To confirm employment history, education, and any professional licenses, the majority of pre-employment background investigations also include a criminal background check. Pre-employment background checks for misdemeanors could include investigating the candidate’s driving history and subjecting them to drug tests. There are restrictions on what pre-employment background checks can reveal, including the following:
- If a job pays less than $75,000, civil judgments, government sanctions, and disciplinary measures relating to professional licenses will not appear.
- If a job pays more than $75,000, the above information can be revealed even if more than seven years have passed.
FBI Background Check
When applying for positions with Federal government agencies and any businesses that work for them, FBI background checks are frequently required. It might also be applied to positions in the federal, state, and local governments. This background investigation includes all communications with law enforcement, such as traffic infractions and parking fines. Naturally, there will also be crimes. Gaining government security clearances frequently starts with this.
Misdemeanor background checks can seem daunting. However, it’s important to be honest on a job application. While technically considered a crime, a misdemeanor doesn’t automatically disqualify you from employment. Here are a few common questions we’ve received regarding misdemeanor background checks:
How long does a misdemeanor stay on your record?
Do misdemeanors go away? Generally, no. A misdemeanor remains a criminal conviction. However, after time has passed, you may be able to petition the court to have your misdemeanor sealed or expunged.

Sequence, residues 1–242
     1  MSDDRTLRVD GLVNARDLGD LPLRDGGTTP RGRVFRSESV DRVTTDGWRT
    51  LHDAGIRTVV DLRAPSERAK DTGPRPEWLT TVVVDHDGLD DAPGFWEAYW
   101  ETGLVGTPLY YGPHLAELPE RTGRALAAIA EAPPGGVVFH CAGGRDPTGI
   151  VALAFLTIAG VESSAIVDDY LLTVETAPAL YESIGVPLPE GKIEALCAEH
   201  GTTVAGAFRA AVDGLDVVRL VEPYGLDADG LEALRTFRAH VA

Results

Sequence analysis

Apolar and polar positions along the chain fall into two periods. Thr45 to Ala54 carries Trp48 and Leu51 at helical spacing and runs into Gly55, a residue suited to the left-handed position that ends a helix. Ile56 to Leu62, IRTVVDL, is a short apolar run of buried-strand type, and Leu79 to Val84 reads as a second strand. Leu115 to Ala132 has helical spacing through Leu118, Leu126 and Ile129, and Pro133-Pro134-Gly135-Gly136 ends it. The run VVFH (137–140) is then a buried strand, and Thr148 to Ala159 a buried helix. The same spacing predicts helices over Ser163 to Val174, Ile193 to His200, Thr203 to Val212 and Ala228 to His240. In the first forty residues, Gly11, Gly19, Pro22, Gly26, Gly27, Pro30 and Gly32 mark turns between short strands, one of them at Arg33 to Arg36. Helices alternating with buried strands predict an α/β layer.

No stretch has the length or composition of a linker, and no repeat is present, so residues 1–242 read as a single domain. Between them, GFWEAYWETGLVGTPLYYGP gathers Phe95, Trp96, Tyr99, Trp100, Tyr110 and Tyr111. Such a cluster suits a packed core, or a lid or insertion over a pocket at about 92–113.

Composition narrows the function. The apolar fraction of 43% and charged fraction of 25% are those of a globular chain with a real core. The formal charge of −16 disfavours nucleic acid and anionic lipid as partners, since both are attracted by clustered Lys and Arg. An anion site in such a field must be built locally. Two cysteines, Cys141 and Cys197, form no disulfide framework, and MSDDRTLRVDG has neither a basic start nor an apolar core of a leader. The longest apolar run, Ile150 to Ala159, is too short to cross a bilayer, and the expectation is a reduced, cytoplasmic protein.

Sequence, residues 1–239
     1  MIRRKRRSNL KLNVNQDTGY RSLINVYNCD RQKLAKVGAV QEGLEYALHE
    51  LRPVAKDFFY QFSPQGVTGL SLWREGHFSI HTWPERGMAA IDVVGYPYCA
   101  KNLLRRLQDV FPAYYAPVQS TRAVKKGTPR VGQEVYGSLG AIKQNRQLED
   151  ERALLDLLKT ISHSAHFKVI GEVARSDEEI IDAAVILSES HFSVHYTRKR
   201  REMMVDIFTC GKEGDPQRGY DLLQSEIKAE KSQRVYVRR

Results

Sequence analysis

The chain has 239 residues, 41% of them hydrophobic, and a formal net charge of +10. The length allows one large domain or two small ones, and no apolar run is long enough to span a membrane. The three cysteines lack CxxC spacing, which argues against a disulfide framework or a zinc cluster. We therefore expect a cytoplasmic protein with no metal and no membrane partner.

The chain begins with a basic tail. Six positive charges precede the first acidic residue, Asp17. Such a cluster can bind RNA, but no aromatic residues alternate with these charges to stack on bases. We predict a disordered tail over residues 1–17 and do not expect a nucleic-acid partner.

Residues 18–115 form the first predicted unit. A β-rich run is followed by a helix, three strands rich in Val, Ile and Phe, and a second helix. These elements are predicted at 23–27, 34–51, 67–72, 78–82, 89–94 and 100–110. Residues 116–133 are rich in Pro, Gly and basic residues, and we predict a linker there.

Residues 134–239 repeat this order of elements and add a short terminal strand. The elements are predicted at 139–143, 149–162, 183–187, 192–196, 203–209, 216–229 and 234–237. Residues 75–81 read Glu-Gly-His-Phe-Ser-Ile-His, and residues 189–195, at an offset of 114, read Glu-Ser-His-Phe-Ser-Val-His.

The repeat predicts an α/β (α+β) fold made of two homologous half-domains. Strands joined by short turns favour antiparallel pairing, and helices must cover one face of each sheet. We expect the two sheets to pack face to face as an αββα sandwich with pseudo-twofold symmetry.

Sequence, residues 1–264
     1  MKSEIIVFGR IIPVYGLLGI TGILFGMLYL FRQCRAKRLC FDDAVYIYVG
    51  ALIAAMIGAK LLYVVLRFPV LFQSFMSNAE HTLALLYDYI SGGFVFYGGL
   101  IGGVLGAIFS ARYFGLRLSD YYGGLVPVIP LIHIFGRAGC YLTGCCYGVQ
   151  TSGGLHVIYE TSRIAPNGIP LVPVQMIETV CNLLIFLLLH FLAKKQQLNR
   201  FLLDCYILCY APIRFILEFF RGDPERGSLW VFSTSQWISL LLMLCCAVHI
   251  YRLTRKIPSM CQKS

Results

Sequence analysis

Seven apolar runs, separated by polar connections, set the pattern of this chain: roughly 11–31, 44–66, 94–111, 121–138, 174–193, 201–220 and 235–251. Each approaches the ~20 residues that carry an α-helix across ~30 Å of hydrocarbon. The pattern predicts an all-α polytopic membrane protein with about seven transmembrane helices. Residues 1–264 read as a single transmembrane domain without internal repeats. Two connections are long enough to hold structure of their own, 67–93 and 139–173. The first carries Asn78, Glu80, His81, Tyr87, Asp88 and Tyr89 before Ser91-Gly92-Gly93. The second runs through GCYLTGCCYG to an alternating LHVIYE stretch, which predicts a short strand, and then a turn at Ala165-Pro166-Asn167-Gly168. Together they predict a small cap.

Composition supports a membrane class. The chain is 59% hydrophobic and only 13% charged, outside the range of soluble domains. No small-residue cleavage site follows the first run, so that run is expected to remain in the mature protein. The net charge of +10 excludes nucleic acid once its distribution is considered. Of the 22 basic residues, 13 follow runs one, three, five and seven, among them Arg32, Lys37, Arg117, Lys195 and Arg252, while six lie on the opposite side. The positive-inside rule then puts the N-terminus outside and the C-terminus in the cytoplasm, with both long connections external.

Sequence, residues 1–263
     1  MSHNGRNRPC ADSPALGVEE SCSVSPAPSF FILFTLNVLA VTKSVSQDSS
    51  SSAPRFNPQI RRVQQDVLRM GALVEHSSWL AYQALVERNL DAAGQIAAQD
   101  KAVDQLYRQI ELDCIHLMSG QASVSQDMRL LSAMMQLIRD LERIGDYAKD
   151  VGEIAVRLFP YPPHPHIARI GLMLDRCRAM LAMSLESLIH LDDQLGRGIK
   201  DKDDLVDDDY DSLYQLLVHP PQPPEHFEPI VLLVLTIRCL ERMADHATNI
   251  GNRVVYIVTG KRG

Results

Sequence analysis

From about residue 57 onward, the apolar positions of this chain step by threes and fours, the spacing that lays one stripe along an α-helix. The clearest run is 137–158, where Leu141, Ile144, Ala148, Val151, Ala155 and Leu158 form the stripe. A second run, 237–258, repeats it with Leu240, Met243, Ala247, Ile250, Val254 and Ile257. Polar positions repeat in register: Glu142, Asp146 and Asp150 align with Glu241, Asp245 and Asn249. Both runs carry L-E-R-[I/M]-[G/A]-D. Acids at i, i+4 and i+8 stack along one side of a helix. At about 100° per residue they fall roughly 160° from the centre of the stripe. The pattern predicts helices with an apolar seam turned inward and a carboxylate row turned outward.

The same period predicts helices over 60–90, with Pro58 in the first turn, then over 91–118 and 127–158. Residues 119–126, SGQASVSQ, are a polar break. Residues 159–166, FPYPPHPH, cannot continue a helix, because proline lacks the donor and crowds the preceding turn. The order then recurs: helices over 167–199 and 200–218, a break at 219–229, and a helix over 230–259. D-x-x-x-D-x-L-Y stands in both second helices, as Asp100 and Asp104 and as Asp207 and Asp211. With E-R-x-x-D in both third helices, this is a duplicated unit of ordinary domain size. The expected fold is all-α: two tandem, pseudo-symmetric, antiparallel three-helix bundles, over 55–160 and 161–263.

How do I know if I have a misdemeanor on my record?
There are several ways to get a copy of your criminal record. Approach your state bureau, state police, or state public safety office to obtain your record. You may be required to submit fingerprints.
Does a Class C misdemeanor stay on your record?
Yes, most criminal background checks will still reveal class C misdemeanors. It’s important to note Alabama, Arkansas, Illinois, Kentucky, Missouri, Pennsylvania, Tennessee, and Texas are the only states to use this classification for misdemeanors.
However, some states are lenient when it comes to getting class C misdemeanors expunged, such as Texas.
Will juvenile records appear on a criminal record?
How long do misdemeanors stay on your record if you were convicted as a juvenile? In most cases, juvenile records can be sealed and/or expunged after you turn 18. However, you must petition the juvenile court where you were convicted, as this process generally is not automatic. Level 2 background checks will still bring up these records, but most criminal background checks exclude them.
Do pending and dismissed charges appear on criminal records?
Pending charges do sometimes appear, but some states like Kentucky prohibit this practice. Dismissed charges do appear in some background checks, but Federal guidelines prohibit candidates from being turned down for a job due to dismissed charges.